Almost a fifth of foods labelled "local" in England and Wales are making the claim falsely, a study suggests.
Local Government Regulation inspectors tested 558 items in 300 shops, restaurants, markets and factories.
They found misleading labels including "Welsh lamb" which actually came from New Zealand, "Somerset butter" from Scotland and "Devon ham" from Denmark.
The LGR said 18% of the local claims were "undoubtedly false", with a further 14% unverifiable.
The LGR, which oversees council regulation, said it therefore assumed these to be false too.
The survey also found cases where ice cream marketed as local was a well-known brand, "fresh local cream" was a cream substitute containing vegetable fat and "Yorkshire chillies" in sausages were supermarket-bought.
"West Country fish fillets", where fish is caught in the West Country but filleted in China, was another highlighted example.
At 19%, restaurants had the highest incidence of false claims, while manufacturers had the fewest with 11%.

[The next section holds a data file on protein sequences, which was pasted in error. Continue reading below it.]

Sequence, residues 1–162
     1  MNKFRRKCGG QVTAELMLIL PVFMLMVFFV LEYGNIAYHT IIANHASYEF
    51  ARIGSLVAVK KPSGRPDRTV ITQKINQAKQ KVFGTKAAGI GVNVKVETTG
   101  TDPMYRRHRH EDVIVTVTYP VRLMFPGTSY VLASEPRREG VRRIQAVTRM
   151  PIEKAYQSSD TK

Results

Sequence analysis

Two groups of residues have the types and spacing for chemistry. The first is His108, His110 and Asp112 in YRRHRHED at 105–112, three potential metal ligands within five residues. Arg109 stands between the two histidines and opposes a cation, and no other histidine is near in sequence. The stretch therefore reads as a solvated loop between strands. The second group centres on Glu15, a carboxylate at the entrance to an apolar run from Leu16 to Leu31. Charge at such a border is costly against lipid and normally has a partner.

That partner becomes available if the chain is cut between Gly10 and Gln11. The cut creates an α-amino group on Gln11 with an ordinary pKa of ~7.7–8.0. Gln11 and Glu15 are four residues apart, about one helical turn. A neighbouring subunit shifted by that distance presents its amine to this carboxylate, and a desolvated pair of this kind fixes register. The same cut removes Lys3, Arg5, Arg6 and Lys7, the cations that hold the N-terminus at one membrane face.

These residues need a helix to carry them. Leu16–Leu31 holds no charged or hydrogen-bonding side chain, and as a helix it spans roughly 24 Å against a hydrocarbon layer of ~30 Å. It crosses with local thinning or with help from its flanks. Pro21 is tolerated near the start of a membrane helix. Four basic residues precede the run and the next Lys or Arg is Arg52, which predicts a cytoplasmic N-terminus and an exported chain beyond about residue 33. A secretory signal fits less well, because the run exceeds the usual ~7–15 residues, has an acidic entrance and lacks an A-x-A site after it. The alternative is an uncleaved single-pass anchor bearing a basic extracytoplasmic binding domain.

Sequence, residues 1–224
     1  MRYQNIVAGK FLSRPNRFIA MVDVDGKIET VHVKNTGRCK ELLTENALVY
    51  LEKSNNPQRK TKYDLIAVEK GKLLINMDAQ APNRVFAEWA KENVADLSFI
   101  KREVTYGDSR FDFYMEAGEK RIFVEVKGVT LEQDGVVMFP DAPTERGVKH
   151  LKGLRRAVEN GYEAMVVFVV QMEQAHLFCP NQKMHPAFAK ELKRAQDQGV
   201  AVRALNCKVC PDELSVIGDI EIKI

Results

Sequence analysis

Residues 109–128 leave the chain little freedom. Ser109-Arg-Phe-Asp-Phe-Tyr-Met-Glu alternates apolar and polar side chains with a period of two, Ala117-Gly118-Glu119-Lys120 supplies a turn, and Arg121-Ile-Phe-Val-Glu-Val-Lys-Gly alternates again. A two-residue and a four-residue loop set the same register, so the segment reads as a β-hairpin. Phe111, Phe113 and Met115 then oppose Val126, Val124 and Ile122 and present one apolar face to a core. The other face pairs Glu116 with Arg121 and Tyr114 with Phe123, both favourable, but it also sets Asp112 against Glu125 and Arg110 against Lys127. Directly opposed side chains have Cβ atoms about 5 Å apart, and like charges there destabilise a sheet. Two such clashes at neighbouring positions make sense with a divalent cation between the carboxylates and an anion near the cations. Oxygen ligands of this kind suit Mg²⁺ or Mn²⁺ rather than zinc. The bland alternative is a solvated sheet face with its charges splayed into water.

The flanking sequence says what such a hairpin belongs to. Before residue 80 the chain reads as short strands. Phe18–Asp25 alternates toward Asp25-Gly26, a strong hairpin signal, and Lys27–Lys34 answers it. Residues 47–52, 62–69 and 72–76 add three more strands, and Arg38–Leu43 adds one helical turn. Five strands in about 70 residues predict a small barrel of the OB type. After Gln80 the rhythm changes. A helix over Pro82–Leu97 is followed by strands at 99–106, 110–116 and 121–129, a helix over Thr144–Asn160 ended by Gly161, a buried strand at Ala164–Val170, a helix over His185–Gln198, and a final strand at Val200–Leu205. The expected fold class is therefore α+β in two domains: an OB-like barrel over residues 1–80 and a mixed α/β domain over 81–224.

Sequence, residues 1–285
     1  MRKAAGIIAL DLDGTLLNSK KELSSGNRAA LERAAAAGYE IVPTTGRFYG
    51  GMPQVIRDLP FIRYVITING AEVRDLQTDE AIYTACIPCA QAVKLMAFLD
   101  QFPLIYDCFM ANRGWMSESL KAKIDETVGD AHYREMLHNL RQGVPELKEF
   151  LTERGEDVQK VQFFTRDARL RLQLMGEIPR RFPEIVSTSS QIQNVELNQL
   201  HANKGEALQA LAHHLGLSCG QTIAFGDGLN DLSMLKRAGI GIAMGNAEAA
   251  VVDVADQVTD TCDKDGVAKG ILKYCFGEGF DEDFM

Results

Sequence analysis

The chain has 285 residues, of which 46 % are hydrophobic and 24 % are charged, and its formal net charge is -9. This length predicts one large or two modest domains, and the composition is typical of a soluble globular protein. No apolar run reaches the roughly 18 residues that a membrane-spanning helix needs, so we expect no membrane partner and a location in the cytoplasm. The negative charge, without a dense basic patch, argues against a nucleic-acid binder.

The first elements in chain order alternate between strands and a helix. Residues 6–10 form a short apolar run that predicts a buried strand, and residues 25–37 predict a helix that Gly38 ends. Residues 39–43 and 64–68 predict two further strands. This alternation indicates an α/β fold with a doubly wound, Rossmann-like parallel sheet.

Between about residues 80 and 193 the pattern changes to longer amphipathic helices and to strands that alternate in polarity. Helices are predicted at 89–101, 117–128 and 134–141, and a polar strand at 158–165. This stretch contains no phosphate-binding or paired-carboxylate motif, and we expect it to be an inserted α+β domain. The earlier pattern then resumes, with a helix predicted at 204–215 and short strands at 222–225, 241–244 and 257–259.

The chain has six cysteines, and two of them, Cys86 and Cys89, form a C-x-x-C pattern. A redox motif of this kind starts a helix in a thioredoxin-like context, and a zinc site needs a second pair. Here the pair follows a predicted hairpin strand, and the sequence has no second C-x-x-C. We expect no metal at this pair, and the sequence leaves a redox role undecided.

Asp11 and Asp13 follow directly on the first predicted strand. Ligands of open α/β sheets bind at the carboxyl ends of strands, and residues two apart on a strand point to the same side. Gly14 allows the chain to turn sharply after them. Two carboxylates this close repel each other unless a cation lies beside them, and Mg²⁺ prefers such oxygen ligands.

LGR chairman, Councillor Paul Bettison, said the results were "extremely worrying".
"Councils are working with businesses to make sure consumers have the information they need and that they are not being ripped off," he said.
"Many people want to support local businesses or choose food that has not travelled from the other side of the world, so it is vital that they have accurate information to help them make their choices."
There is currently no legal definition of the term "local" in food labelling legislation.
But the Food Law Practice Guidance states local and localised should mean: "Sales within the supplying establishment's own county plus the greater of either the neighbouring county or counties or 30 miles/50 kilometres from the boundary of the supplying establishment's county."